OTTAWA—Don’t worry, Carey Price. The federal government isn’t coming for your gun.
Public Safety Minister Marco Mendicino made that promise Monday to the Montreal Canadiens goaltender after the gun control debate found a wider audience over the weekend thanks to a social media post in which Price trashed the government’s latest effort to expand the list of banned firearms in Canada.
Prime Minister Justin Trudeau acknowledged the furor that’s erupted from the hunting community over proposed amendments to Bill C-21 that would massively expand the list of banned rifles and shotguns.
“We’re listening to feedback on (the legislation) now to make sure that we’re not capturing weapons that are primarily hunting weapons,” Trudeau told reporters Monday in Ingersoll, Ont.
“But we all know that we need to make sure that guns that are designed to kill the largest number of people as quickly as possible have no place in Canada, and we’re going to continue to move forward with that.”
Trudeau and Mendicino’s defence of the government’s agenda came on the eve of the Dec. 6 anniversary of the École Polytechnique shooting that has been a catalyst for gun control efforts. Mendicino will travel to Montreal on Tuesday to mark the event with survivors and victims’ families, many of whom have been outspoken in their demands for the government to go farther on restricting weapons in Canada.
Price became the latest prominent critic of the government’s proposed amendments to its pending firearms bill with an Instagram post that pictured him wearing camouflage clothing and holding a shotgun. In the post, the Habs player said he’s neither a criminal nor a threat to society.
“What (Justin Trudeau) is trying to do is unjust,” he wrote.
Price’s post did not say the firearm he was photographed holding would be caught up in the proposed amendments.
But the post was circulated by firearms rights groups, as well as Conservative Leader Pierre Poilievre, Alberta Justice Minister Tyler Shandro and gun enthusiasts, to bolster their argument that the government’s move would ban the firearms most commonly used by hunters.
To Mendicino, however, it was evidence of misinformation being deliberately circulated by the Liberal government’s political rivals. Based on the photos he’s seen, he said, Price’s gun won’t be banned under the new rules.
“You see now the consequences of that, where people are operating from false assumptions and confusion,” he said.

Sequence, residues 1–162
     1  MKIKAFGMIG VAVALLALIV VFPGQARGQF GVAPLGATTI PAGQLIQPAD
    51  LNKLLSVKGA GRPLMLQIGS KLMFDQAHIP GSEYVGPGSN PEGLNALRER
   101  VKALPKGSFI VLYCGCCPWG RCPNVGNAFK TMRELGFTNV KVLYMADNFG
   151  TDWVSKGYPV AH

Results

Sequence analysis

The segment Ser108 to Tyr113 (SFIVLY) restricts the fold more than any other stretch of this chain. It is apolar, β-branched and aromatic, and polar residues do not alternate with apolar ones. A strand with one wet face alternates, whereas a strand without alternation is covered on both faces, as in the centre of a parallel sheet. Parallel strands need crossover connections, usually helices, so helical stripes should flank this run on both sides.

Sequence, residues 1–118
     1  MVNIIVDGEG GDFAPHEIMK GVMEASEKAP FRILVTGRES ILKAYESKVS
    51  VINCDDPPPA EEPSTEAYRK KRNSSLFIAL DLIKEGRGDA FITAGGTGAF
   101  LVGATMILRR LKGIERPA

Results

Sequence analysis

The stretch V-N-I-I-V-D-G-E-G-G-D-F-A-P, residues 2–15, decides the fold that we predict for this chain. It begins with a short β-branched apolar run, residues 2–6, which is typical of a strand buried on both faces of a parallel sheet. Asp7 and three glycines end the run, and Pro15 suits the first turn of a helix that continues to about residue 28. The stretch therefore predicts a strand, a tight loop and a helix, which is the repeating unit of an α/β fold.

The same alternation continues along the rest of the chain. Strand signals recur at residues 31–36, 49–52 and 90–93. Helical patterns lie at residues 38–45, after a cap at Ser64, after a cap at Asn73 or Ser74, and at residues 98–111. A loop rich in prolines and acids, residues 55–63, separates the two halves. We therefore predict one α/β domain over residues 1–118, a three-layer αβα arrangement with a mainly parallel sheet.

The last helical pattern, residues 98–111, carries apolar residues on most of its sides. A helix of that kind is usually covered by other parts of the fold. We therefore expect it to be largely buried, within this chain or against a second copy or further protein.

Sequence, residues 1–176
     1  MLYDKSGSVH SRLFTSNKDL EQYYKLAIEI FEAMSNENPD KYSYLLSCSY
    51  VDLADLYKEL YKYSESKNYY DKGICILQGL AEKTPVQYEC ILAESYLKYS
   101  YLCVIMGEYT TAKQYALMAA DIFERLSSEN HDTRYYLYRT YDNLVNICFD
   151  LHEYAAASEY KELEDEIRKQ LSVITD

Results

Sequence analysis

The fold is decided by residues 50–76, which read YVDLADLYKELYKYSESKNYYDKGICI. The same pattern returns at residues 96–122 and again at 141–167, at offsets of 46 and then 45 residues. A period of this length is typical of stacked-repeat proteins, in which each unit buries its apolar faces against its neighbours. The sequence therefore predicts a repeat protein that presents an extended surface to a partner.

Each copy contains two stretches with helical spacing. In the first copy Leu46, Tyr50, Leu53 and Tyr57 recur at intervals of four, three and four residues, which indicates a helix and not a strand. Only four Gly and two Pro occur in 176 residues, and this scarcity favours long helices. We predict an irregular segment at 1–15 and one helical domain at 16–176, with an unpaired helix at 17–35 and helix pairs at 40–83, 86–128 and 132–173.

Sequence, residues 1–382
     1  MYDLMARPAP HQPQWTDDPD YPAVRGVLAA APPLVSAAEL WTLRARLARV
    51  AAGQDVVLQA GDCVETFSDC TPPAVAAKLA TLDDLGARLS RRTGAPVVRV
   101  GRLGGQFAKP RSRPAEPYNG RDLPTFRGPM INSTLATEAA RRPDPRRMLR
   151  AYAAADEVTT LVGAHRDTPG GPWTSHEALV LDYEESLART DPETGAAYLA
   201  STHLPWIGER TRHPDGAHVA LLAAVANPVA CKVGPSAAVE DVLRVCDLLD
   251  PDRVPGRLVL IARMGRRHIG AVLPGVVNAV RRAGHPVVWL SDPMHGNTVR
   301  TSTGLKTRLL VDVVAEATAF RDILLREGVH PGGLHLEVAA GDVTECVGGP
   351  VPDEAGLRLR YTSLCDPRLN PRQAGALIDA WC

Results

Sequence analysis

“We need to make sure that we have a thoughtful debate that is based on the facts and that is precisely what I have committed and the government have committed to doing all along.”
His critics continue to disagree.
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The bill began its legislative life focused on a handgun freeze, combined with measures to tackle firearms violence. However, the proposal for a wide swath of amendments while it was in the final stages of scrutiny by a parliamentary committee last month has sent even some of the government’s traditional backers on the issue into a tizzy and wondering what to make of it all.
“I understand the good-natured intent behind it,” said NDP public safety critic Alistair MacGregor.
“But we as committee members have not had enough time to properly consult with constituents, with hunters, with farmers, who may be adversely impacted by this, and for this very substantial amendment to drop on our lap at the eleventh hour is an abuse of process in our opinion.”
The controversial amendments follow two tracks.
One is a lengthy list of firearms that would be banned when the legislation passes. The second sets out a definition of characteristics that would render a gun illegal.
The so-called “evergreen definition” is meant to address the issue of new guns coming to market that the government thinks ought not be in anyone’s hands.
But by both that definition and the list, hunters are arguing that some firearms they’ve used legally for years would be deemed illegal, despite there being no evidence that they contribute to the scourge of gun violence.
The federal Conservatives pointed Monday to a massive gun seizure in Toronto, where nearly all of the traceable guns had been smuggled from the United States; the lone traceable gun from Canada had been stolen from its legal owner.
“The problem is not hunters in Wainwright, Alta., or in Happy Valley—Goose Bay on the East Coast, who are using their tools to feed their families,” Poilievre told the House of Commons on Monday.
“The problem is the illegal guns coming across the border.”
The committee studying the bill is scheduled to meet again on Tuesday. MacGregor suggested MPs are working towards a way to challenge the amendments, or at least get more time to study their implications.
The meeting Tuesday dovetails with a significant day in the history of firearms violence in Canada — the 33rd anniversary of the mass murder at Quebec’s École Polytechnique.
Fourteen women were killed in a shooting that has set the political stage for the debate over gun control in Canada ever since — including some of the pushback against Price’s post, which didn’t mention the anniversary despite his having played for a Quebec team for years.
In a statement Monday to Radio-Canada, the president of the company that owns the Canadiens said Price wasn’t aware of the “tragic event.”
Stephanie Levitz is an Ottawa-based reporter covering federal politics for the Star. Follow her on Twitter: @StephanieLevitz
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